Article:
Explanation of symbols

2 Genre
3 Genre
100 entertainment system
134 Wireless I / O control device
200 media system
210 Input / output (I / O) bus
212 Television / Monitor
214 Video cassette recorder (VCR)
216 Digital Video Disc (DVD) Recorder / Playback Device
218 audio / video tuner
220 compact disc player
222 Microphone / speaker system
224 camcorder
226 Wireless I / O control device
228 System Controller
230 Cable broadcasting
232 satellite broadcasting
234 Broadcast Television Network
236 telephone network
238 cable modem
300 processors
302 memory
304 display controller
306 Device controller
308 Data storage device
310 I / O interface
312 bus
500 shapes
502 text
504 Photos
508 Selection pointer (cursor)
512 groups
515 Unselected Genre
516 shape
520 Album cover image
524 Artist Info
528 Album cover
530 albums
532 tracks
534 controls
536 albums
538 Adjacent Album
550 points
552 points
1400 Startup GUI screen
2000 GUI screen
2002 text box
2004 control elements
2006, 2008, 2010, 2012 Group
2014 alphanumeric
2016 non-alphanumeric characters
2020 Group display area
3002 items displayed
3004 Item display area
3006 Center point
3008 Center point
3010, 3012 Display items
3014 center point
3015 diagonal
3016 Center point
3018, 3020, 3022 Display items
3024 center point
3026 center point
3028 center point
3030 circumference
3032, 3034, 3036, 3038 Display items
3040 center point
3042 Center point
3046 center point
3048 diamond
3050, 3052, 2054, 3056, 3058 Display items
3060 center point
3062 center point
3064 center point
3066 center point
3068 center point
3070 ellipse
3072, 3074, 3076, 3078, 3080, 3082 Display items
3084, 3086, 3088, 3090, 3092, 3094, 3096 Display items
3098, 3100, 3102, 3104, 3106, 3108, 3110, 3112 Display items
4002, 4004 items
5002 Item display area
5004 items
5006, 5008 items
5010, 5012, 5014 items
5016, 5018, 5020, 5022 items
5024, 5026, 5028, 5030, 5032 items
5034, 5036, 5038, 5040, 5042, 5044 items
5046, 5048, 5050, 5052, 5054, 5056, 5058 items
5060, 5062, 5064, 5066, 5068, 5070, 5072, 5074, 5076 items

Claims (36)

  1. A user interface displayed on the screen,
    A plurality of control elements, wherein at least one alphanumeric character is displayed on at least some of the plurality of control elements;
    A text box for displaying alphanumeric characters entered using the plurality of control elements;
    With multiple groups of display items,
    The layout of the plurality of groups on the user interface is based on a first number of groups to be displayed, and the layout of the display items in a group is the second of the items displayed in the group. User interface based on quantity.
  2. The display item is a movie cover image, the first number of groups is 4, and the second number of items in the leftmost group displayed on the user interface is 7. Yes, and
    The four groups each include a leftmost group having a center point, a left center group, a right center group, and a rightmost group,
    The layout of the four groups on the user interface is such that the center point of each group is placed in a trapezoidal corner,
    The left center group and the right center group have a center point that is farther from the bottom of the user interface than the center point of the leftmost group and the rightmost group;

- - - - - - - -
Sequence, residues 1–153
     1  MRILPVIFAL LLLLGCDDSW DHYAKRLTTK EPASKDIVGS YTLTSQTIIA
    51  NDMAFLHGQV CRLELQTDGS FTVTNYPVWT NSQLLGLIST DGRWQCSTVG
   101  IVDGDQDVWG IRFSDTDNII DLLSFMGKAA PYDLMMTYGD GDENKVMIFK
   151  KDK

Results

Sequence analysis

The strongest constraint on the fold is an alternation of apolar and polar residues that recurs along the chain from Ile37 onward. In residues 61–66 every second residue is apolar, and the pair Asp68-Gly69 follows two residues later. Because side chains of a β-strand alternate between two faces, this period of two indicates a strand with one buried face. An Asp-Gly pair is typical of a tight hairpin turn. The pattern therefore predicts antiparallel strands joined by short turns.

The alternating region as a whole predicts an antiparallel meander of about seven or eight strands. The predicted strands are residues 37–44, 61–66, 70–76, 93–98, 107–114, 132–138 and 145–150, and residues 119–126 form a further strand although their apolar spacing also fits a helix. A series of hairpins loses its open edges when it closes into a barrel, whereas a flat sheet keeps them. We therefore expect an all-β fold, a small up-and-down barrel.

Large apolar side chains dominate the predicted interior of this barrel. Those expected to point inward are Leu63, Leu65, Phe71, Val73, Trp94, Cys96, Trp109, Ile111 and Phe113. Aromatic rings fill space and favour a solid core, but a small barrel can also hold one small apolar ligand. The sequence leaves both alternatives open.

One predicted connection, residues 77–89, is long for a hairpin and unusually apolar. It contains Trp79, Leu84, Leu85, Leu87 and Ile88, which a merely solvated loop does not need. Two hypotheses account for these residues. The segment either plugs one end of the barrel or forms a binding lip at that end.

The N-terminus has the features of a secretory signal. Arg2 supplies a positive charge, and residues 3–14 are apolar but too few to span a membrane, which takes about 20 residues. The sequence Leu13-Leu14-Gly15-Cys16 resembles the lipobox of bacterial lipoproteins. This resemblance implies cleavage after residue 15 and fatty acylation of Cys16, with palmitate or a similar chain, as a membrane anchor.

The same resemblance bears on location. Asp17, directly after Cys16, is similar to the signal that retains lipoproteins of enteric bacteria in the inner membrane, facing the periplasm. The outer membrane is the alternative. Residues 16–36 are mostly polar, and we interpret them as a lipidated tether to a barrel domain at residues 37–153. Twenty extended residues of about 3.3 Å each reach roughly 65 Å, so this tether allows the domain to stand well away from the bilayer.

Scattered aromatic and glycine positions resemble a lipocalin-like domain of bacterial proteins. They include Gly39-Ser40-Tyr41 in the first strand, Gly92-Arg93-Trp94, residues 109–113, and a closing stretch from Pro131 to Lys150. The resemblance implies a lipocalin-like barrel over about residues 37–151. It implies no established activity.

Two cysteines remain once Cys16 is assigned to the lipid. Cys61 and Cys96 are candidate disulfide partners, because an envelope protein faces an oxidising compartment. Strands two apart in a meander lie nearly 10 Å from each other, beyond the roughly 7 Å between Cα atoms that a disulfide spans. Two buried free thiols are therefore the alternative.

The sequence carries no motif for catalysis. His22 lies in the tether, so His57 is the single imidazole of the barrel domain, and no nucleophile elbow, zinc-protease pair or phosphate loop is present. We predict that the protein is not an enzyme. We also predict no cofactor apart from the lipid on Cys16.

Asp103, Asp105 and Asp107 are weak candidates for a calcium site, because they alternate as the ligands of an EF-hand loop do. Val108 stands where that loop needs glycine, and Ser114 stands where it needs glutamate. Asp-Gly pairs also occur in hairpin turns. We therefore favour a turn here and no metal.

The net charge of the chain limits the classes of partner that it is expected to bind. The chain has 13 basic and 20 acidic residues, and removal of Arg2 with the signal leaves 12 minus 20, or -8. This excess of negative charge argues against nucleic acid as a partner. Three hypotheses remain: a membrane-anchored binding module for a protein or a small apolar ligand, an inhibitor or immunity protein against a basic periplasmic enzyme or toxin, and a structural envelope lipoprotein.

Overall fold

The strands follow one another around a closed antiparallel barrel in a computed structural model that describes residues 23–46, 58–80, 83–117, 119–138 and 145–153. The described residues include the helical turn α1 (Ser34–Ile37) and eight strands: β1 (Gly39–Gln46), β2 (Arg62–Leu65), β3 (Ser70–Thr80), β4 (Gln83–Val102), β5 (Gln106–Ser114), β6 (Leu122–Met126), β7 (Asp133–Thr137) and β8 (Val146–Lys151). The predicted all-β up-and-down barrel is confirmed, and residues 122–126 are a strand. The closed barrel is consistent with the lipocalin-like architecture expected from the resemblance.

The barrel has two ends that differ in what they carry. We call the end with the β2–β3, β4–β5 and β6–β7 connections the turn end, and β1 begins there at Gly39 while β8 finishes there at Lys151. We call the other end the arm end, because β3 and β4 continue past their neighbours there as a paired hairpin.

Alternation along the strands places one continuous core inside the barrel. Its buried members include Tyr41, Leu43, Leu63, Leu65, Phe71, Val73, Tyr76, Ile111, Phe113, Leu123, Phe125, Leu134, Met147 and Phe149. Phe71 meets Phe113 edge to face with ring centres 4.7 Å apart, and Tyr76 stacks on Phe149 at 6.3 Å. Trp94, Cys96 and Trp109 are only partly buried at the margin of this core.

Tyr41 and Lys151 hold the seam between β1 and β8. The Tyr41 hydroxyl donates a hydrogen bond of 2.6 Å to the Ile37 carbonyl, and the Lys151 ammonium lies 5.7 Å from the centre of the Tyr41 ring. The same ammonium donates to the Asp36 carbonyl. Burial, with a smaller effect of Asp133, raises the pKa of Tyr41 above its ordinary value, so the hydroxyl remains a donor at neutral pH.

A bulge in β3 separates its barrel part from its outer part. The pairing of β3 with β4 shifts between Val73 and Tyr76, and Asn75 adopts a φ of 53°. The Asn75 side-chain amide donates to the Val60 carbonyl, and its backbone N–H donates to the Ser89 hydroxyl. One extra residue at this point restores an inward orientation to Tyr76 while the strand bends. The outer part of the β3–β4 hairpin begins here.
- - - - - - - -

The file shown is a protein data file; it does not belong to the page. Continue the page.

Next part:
2. The user interface according to claim 1, wherein the left center group includes three items in which center points of the respective items are arranged on a circumference of the circle, and the respective items are arranged to overlap each other.
  3.   The user interface according to claim 1, wherein the plurality of control elements are laid out in two horizontal rows.
  4.   The user interface of claim 1, wherein the text box is displayed over the plurality of control elements and the group of display items is displayed under the plurality of control elements.
  5.   The user interface according to claim 1, wherein the display item is an image.
  6.   6. The user interface according to claim 5, wherein the image is a movie cover.
  7.   The user interface according to claim 1, wherein the layout of groups involves placing a center point of each group at a position on the user interface, the position being determined based on the number of groups displayed. .
  8.   8. The user interface according to claim 7, wherein each of the display items associated with one of the groups is displayed in a rectangular area arranged at a center point thereof.
  9.   If the second number is 1 for 1 of the plurality of groups, the items in the group offset the center point associated with the item from the center point of the group, and the quadrangle 9. The user interface of claim 8, wherein the item in the area is placed in the rectangular area by scaling the item to a size that does not fit a second item of the same size.
  10.   When the second number is 2 for one of the plurality of groups, two items can be obtained by aligning the center points of the two items diagonally within the rectangular region. The user interface according to claim 8, wherein the user interface is located in the area of.
  11.   When the second number is 3 for one of the plurality of groups, three items are arranged such that the center point of the three items is on the circumference of the circle in the rectangular area. 9. The user interface according to claim 8, wherein the user interface is placed in the rectangular area.
  12.   When the second number is 4 for one of the plurality of groups, the four items are arranged on the rhombus corner in the rectangular area with the center point of the four items. 9. The user interface according to claim 8, wherein the user interface is placed in the rectangular area.